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Differential Diagnosis of Diaper Dermatitis.
Clin Pediatr (Phila). 2017 May; 56(5_suppl):16S-22S.CPed

Abstract

Mild diaper dermatitis often occurs in children before toilet training is complete, particularly from 9 to 12 months of age, and the most common presentation is an irritant contact dermatitis. Diaper dermatitis may account for up to 25% of dermatology visits to health care providers during the first year of life. Fortunately, since the introduction of hypoallergenic, superabsorbent modern disposable diapers, the incidence and severity of irritant and allergic contact dermatitis has decreased dramatically. Diaper dermatitis broadly refers to skin disorders that occur in the diaper area, such as skin eruptions triggered by diapers, rashes exacerbated by the diaper, and other events that occur in the diaper area. A number of skin conditions that can occur anywhere on the skin may present with distinctive findings in the diaper area. The following discussion will review the most common triggers of diaper dermatitis and contact irritant dermatitis, while focusing on the skin conditions that may be associated or overlap clinically with contact dermatitis.

Authors+Show Affiliations

1 Johns Hopkins Children's Center, Baltimore, MD, USA.

Pub Type(s)

Journal Article

Language

eng

PubMed ID

28420251

Citation

Cohen, Bernard. "Differential Diagnosis of Diaper Dermatitis." Clinical Pediatrics, vol. 56, no. 5_suppl, 2017, 16S-22S.
Cohen B. Differential Diagnosis of Diaper Dermatitis. Clin Pediatr (Phila). 2017;56(5_suppl):16S-22S.
Cohen, B. (2017). Differential Diagnosis of Diaper Dermatitis. Clinical Pediatrics, 56(5_suppl), 16S-22S. https://doi.org/10.1177/0009922817706982
Cohen B. Differential Diagnosis of Diaper Dermatitis. Clin Pediatr (Phila). 2017;56(5_suppl):16S-22S. PubMed PMID: 28420251.
* Article titles in AMA citation format should be in sentence-case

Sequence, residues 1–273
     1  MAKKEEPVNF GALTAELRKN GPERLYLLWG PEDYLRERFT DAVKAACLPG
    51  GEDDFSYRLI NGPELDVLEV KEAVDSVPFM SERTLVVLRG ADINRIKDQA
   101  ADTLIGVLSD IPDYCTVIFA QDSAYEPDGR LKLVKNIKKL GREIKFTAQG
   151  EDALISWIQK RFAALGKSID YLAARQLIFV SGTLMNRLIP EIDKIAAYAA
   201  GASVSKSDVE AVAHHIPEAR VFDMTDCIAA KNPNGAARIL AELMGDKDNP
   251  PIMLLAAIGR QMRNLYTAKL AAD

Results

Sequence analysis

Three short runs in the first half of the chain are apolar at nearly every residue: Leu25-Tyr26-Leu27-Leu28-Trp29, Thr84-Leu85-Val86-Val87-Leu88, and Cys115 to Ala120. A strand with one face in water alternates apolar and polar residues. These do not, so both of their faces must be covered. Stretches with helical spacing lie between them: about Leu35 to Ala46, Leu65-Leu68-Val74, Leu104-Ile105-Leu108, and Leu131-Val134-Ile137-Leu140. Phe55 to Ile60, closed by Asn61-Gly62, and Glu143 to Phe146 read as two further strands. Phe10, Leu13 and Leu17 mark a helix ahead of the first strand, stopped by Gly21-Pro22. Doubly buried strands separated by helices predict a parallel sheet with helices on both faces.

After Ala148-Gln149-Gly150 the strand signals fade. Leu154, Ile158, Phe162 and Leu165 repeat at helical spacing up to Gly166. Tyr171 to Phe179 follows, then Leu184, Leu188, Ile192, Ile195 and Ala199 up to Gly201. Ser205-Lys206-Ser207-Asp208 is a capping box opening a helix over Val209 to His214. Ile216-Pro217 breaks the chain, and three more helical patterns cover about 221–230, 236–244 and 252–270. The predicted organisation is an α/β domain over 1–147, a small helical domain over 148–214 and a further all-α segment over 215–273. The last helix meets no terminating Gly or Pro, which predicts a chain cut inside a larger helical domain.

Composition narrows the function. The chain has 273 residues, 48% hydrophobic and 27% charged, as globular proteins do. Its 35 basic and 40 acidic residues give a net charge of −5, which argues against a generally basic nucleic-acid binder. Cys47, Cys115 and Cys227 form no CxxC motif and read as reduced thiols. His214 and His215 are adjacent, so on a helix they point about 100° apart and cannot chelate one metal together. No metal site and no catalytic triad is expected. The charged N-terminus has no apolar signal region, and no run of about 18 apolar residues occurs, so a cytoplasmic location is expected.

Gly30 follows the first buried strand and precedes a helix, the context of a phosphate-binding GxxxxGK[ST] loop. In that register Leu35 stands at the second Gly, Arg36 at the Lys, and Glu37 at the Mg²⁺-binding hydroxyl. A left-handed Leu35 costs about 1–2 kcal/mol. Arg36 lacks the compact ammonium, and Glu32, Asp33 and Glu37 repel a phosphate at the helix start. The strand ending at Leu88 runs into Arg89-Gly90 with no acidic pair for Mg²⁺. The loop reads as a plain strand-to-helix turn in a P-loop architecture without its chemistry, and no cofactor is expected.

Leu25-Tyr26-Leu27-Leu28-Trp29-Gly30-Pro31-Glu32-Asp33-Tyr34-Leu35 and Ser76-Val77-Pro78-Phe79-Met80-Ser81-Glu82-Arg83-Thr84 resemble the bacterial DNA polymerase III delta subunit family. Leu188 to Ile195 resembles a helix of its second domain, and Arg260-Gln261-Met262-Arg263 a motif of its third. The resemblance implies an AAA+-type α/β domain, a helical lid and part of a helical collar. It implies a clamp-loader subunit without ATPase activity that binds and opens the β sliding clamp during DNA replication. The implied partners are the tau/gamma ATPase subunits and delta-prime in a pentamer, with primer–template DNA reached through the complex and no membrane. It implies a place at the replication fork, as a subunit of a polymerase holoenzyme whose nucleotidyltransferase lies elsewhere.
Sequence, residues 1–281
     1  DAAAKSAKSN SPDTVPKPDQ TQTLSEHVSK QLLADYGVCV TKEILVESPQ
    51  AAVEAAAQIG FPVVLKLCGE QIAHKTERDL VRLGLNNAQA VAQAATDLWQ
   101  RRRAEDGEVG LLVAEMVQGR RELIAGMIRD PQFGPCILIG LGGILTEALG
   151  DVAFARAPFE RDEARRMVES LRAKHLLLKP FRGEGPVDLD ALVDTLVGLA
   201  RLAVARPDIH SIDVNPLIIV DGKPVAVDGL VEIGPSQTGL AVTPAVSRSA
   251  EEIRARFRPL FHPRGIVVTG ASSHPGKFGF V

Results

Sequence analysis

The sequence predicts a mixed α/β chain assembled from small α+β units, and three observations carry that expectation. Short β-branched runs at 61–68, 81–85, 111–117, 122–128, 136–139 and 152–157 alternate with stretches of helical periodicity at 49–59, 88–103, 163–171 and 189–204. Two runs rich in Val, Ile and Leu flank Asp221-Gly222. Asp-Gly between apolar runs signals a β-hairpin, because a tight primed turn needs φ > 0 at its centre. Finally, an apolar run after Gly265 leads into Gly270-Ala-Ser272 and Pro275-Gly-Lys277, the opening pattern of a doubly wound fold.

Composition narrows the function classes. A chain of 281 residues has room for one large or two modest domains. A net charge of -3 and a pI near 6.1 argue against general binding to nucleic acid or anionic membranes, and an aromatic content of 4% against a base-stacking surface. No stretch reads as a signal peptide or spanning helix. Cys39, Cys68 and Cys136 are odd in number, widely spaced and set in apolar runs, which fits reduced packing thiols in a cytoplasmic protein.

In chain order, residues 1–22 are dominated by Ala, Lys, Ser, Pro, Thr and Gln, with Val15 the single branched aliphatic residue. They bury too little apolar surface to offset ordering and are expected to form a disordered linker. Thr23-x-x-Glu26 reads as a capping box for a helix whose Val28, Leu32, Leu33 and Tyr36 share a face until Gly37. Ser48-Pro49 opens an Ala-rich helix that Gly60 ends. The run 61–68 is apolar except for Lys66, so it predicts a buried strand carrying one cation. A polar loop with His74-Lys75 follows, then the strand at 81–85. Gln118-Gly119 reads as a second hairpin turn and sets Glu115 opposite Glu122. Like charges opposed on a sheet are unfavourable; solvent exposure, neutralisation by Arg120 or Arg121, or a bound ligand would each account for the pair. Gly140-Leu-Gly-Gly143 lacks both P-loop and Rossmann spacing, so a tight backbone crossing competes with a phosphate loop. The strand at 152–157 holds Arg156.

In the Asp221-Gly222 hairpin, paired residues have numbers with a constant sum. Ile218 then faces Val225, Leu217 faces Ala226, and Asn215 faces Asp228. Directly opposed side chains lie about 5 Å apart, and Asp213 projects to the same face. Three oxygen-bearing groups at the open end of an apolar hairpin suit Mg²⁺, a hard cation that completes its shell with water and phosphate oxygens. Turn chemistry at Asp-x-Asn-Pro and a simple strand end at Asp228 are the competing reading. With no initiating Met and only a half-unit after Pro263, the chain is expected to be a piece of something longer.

TY - JOUR T1 - Differential Diagnosis of Diaper Dermatitis. A1 - Cohen,Bernard, PY - 2017/4/20/entrez PY - 2017/4/20/pubmed PY - 2017/5/5/medline KW - allergic contact dermatitis KW - bullous dermatoses KW - contact dermatitis KW - dermatitis KW - diaper candidiasis KW - diaper dermatitis KW - diaper rash KW - diapers KW - erythema KW - infected contact dermatitis KW - irritant contact dermatitis KW - methylisothiazolinone KW - newborn skin care KW - pediatrics KW - seborrheic dermatitis KW - skin disease SP - 16S EP - 22S JF - Clinical pediatrics JO - Clin Pediatr (Phila) VL - 56 IS - 5_suppl N2 - Mild diaper dermatitis often occurs in children before toilet training is complete, particularly from 9 to 12 months of age, and the most common presentation is an irritant contact dermatitis. Diaper dermatitis may account for up to 25% of dermatology visits to health care providers during the first year of life. Fortunately, since the introduction of hypoallergenic, superabsorbent modern disposable diapers, the incidence and severity of irritant and allergic contact dermatitis has decreased dramatically. Diaper dermatitis broadly refers to skin disorders that occur in the diaper area, such as skin eruptions triggered by diapers, rashes exacerbated by the diaper, and other events that occur in the diaper area. A number of skin conditions that can occur anywhere on the skin may present with distinctive findings in the diaper area. The following discussion will review the most common triggers of diaper dermatitis and contact irritant dermatitis, while focusing on the skin conditions that may be associated or overlap clinically with contact dermatitis. SN - 1938-2707 UR - https://www.unboundmedicine.com/medline/citation/28420251/Differential_Diagnosis_of_Diaper_Dermatitis_ DB - PRIME DP - Unbound Medicine ER -